It’s mid-December, and I had hoped by now that we’d be enjoying a respite from last month’s elections and their political aftermath. Fat chance.
Senate Republicans launched this year’s season of good will by torpedoing U.S. ratification of the U.N. Convention on the Rights of People with Disabilities. Not even the presence of 89-year-old former Senator Bob Dole in a wheelchair could deter his fellow party members from voting down the U.N. treaty – which is based upon the Americans with Disabilities Act, passed in 1990 in a now-archaic bipartisan way led by… then-Senator Dole.
And if you think we’re bad, consider Australia, two of whose D.J.s thought it would be funny to impersonate the Queen of England in a telephone call to the hospital where the Duchess of Cambridge had lodged during a nasty bout of morning sickness. The subsequent apparent suicide of the nurse who took their call speaks to those of us in the media. I see this as a political story because it involves the dearly held principle of freedom of speech. Such freedom, however, doesn’t mean we get to say anything we like without cost. The rule of unintended consequences suggests that we in the media – and those in politics — think carefully about what we put out over the air and into print.
Which brings me to the “War on Christmas.” If you regularly watch Fox News, you know that it is positively evangelical on the subject: Liberals, homosexuals and God only knows who else are on the attack to de-Christianize Christmas. One has only to look at the City of Santa Monica, which ended the 60-year tradition of Nativity scenes in Palisades Park after atheists challenged it. Christians must rise up and unite.
Humbug, I say.
“Humbug” — what a great word – is defined as “a hoax, nonsense, deception,” I find it an accurate term for the sort of chicanery and denial of reality that Fox News regularly indulges in. Let’s remember Karl Rove’s performance on Election Night.
To me there is no “War on Christmas.” And I have absolutely no problem with public institutions pulling back from the practice of promoting religious holidays and ideals on public property. Why? Because Christmas is held in and carried forth from our hearts.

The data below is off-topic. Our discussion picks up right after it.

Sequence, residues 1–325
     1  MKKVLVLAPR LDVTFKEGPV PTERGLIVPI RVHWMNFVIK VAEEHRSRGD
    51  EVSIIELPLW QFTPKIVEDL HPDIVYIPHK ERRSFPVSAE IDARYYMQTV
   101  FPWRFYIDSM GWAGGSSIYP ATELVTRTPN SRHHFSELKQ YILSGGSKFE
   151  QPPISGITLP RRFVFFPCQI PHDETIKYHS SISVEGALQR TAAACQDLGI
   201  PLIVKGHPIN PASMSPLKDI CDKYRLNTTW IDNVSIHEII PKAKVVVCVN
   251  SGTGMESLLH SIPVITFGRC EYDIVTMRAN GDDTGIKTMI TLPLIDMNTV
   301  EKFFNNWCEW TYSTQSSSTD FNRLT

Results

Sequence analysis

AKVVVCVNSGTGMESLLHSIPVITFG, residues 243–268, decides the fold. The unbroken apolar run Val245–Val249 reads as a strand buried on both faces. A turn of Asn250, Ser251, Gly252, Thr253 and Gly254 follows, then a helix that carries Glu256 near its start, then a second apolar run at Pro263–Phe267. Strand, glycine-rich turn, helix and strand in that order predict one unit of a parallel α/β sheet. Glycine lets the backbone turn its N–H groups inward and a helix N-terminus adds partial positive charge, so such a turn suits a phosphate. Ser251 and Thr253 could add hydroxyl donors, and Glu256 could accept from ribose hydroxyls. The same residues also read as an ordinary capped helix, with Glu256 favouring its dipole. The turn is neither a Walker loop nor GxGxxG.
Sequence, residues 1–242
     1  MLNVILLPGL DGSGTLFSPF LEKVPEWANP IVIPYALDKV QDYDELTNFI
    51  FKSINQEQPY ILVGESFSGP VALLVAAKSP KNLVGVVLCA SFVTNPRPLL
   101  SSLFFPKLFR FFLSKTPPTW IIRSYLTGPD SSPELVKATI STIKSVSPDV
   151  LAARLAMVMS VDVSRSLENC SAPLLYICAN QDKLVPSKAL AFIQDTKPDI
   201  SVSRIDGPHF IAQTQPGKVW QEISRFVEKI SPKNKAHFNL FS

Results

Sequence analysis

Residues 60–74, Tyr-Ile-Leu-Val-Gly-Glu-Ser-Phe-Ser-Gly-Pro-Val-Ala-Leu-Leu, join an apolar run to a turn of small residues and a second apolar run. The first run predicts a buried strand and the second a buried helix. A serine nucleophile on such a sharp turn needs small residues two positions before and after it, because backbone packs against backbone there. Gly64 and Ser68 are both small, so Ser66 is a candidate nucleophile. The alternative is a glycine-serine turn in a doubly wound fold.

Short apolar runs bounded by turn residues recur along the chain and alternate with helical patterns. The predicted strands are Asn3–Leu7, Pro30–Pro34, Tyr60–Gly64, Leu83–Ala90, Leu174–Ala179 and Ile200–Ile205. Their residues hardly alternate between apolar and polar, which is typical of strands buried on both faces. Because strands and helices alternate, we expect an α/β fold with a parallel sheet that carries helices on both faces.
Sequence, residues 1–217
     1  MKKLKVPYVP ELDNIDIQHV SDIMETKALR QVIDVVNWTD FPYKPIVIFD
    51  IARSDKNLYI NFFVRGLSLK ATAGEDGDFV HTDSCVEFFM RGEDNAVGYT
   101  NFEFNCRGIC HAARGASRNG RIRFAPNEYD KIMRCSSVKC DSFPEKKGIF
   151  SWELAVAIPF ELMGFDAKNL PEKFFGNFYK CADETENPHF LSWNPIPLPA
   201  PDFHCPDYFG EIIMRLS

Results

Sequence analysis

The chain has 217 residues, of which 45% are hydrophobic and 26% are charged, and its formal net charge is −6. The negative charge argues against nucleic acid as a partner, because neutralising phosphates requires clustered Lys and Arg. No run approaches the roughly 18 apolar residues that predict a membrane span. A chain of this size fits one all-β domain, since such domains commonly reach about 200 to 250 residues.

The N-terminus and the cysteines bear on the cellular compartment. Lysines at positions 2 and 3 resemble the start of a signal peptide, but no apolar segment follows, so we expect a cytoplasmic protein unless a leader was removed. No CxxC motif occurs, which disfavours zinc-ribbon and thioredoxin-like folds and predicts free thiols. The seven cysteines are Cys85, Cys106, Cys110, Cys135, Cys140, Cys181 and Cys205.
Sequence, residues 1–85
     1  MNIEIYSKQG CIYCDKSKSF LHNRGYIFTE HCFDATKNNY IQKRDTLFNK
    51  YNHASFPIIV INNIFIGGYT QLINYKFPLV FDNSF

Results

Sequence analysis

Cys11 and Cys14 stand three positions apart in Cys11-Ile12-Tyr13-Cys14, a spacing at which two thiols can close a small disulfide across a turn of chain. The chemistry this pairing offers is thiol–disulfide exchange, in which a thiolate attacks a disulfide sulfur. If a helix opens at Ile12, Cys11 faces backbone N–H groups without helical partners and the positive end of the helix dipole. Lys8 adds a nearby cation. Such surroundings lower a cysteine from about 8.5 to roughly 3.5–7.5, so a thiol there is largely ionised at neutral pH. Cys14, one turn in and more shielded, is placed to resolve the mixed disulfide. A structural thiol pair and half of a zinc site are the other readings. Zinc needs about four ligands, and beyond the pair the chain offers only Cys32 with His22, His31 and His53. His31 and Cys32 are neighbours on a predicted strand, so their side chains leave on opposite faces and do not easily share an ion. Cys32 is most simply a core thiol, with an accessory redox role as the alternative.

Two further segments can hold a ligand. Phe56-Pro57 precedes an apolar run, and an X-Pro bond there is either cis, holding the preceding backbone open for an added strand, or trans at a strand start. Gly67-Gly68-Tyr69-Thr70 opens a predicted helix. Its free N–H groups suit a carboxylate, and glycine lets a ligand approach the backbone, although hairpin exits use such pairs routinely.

For Christians who seek to encourage others to find Christ, I suggest that it’s likely to be more effective to display the love we are to have for others through acts of kindness than to club others over the head with arguments over absent Nativity scenes and the “War on Christmas.”
I felt the same way years ago, when a local controversy of prayer in public schools rose up. My kids were confused: Why weren’t they allowed to pray in school, oh, say, just before a math test? “Nobody can tell you not to pray,” I explained. “Just do it privately, silently. Don’t make a spectacle out of yourself.” I didn’t add that the very parents agitating for prayer in schools meant their kind of prayer. They would’ve likely gone ballistic had a teacher who was Muslim, Buddhist, or Wiccan invoked the daily prayer.
So perhaps the true Grinches of Christmas are those who foster controversy over this sacred season rather than celebrating what binds all of us together: Seeking light to dispel the darkness, materially and metaphorically. After all, it’s no coincidence that the early church declared that Christmas should fall near the winter solstice. This is the darkest time of the year, and with it comes the ancient fear that the sun’s light won’t again lengthen to warm the soil for the spring planting season.
So it is for Christians, who seek the Son’s light to warm our hearts for the daily struggles we wage to rise above the banal. So I’ve set up the Nativity scene in our home and try to take the message I find in it into the world. I guess I also channel my inner pagan as I light white candles and turn on the lights strung along the eaves of the house in late afternoon as the sun sinks below the horizon.
Somehow in this messy process of celebrating the holidays, and despite much evidence to the contrary, I succumb to a spirit of optimism about our divided country and the world we inhabit together.
Part of the reason for the high spirits is because we again visited South Coast Repertory to see “A Christmas Carol.” The annual presentation is a local treasure; do go see it. The play, based on a story by Charles Dickens, is a reminder that the Scrooges among us are redeemable, that love can trump greed. And it warmed my soul to see the theater packed with numerous Republicans – you know who you are – many of the men bedecked with the red scarf that symbolizes Ebenezer Scrooge’s transformation of the heart.
Jean Hastings Ardell can be reached at [email protected]